LearnLiberty's videos are getting better and better. Along with Madsen's excellent Economics is Fun series, they provide neat, entertaining, informative and, best of all, short takes on controversial economic and philosophical issues.
Daniel Hannan notes that Adam Posen, Bank of England Monetary Policy Committee (MPC) member and noted inflation “dove”, promised last year to resign his post if inflation didn’t fall to meet the MPC’s inflation target. With inflation at around 3.5%, it looks like he will have to stick to his promise. There is only one person fit to replace him: monetary economist Professor Kevin Dowd.
The video above is a nice snippet of FA Hayek's view of "social justice". Hayek wrote that, "To discover the meaning of what is called 'social justice' has been one of my chief preoccupations for more than 10 years. I have failed in this endeavour — or rather, have reached the conclusion that, with reference to society of free men, the phrase has no meaning whatever." Just so.
"Cigarette plain packaging laws are an illiberal, authoritarian attempt at social engineering. What’s more, they probably won’t work.
"Adults should be free to smoke and to advertise their cigarettes as they choose. The consultation makes no mention at all of civil liberties or individual responsibility. The government assumes, wrongly, that its job is to control the behaviour of adults.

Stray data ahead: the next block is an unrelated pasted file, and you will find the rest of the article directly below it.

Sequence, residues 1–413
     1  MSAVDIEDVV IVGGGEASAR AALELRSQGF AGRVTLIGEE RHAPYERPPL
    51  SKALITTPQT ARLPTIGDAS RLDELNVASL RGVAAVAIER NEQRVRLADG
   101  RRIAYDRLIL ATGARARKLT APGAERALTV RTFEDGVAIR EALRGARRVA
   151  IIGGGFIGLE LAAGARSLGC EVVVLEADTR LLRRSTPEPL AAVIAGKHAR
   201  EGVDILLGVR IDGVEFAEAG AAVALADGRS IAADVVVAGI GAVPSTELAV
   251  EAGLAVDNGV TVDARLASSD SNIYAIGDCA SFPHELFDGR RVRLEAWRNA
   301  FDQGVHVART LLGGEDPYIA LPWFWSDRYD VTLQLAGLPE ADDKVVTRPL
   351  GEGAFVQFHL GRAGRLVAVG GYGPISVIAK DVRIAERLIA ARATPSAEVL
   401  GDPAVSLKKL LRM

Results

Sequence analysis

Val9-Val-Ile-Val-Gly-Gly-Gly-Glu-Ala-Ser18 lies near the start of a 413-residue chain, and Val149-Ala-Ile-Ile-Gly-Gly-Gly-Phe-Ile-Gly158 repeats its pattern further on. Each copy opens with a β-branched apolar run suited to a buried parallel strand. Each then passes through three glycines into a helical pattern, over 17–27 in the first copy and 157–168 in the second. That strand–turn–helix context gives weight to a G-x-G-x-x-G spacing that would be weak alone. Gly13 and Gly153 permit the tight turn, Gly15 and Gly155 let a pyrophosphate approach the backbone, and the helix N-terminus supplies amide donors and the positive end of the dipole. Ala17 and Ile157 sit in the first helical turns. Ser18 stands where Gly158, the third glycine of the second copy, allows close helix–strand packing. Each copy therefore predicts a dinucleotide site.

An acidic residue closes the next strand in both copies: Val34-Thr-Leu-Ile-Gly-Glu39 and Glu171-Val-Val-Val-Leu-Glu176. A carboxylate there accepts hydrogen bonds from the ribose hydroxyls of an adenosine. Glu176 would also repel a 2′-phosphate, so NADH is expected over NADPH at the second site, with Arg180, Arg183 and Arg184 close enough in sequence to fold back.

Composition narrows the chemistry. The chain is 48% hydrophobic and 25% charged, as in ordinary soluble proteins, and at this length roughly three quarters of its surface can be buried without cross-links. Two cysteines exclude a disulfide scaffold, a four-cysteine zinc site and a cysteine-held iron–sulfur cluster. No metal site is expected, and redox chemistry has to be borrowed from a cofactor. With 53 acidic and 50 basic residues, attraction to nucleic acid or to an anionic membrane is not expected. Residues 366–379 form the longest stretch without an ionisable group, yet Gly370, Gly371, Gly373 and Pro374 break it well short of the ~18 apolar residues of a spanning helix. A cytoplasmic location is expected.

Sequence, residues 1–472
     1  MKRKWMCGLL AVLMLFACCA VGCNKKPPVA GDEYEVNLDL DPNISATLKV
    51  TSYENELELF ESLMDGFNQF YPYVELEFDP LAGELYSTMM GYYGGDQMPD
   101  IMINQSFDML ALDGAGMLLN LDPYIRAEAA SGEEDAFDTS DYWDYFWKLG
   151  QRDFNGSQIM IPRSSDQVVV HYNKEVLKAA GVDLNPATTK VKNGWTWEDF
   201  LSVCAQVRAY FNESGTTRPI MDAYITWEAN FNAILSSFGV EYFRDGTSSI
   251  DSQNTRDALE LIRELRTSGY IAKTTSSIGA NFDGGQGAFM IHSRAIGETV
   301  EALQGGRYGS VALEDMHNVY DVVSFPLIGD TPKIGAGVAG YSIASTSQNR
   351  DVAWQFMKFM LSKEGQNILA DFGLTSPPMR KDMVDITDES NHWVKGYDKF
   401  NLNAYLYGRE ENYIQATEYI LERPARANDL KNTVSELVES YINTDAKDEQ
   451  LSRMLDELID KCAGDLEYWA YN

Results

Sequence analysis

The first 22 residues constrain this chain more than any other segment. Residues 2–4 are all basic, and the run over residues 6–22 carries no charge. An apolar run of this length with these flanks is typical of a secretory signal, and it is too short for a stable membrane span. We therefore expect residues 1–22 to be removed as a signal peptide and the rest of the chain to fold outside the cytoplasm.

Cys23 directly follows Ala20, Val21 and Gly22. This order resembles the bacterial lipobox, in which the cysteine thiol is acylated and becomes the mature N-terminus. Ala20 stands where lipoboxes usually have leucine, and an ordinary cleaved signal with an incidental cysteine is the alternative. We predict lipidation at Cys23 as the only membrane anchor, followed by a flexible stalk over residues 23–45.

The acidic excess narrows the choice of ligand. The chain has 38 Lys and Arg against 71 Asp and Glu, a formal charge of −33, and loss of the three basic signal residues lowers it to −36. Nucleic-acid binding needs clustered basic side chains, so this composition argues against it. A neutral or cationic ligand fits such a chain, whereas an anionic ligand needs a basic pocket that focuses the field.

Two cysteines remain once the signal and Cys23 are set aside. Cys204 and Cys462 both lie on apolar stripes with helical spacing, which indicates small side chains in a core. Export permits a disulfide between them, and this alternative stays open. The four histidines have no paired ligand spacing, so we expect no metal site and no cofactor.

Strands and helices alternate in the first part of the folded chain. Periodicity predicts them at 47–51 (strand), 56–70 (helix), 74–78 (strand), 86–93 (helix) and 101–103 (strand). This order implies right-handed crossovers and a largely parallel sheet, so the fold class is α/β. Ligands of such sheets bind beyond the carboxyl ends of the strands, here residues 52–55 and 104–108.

The Keynesian and Austrian schools of economics may differ most starkly in their policy recommendations but, as Steve Horwitz reminds us, their differences are based in a fundamentally different view of how economics should be done. Keynesians, wishing to treat economics with the same tools as the natural sciences, aggregate economic activity into broad categories. The Austrian view is that this aggregation conceals the real things that we should be examining:
The Economist reports on “Nudging”, the idea that governments can non-coercively steer people towards towards making the right decisions for themselves. In other words, make things like pensions opt-out instead of opt-in, so that lazy people end up with pensions, instead of without them.
The overall impression the article gives is how shallow Nudging is as an idea. One example:
In December 2011, the Adam Smith Institute asked one of its Senior Fellows, Miles Saltiel, to form a team to compete for the Wolfson Prize for an essay on the best course for the Eurozone if members decide to drop out. He assembled a crew of City professionals and economists, who pored through the law-books, worked up the sums and took the counsel of an international group of seasoned veterans.
After my optimistic blog this morning, this photo from India is a slightly less positive spin on how things are going in the developing world. (The image comes from a strike by jewelers over a proposed new tax. If only that was the sort of thing we striked about...)
It's often striking how dim a view of humanity people on the left tend to take. Nowhere is this clearer than when it comes to international development. Poor countries are suffering from a "poverty gap", many claim, which they cannot cross without the West's help. Funnily, the West did not need this kind of help when it grew rich, nor did a decent number of now-rich countries in East Asia. But Africa, we're told, cannot do this.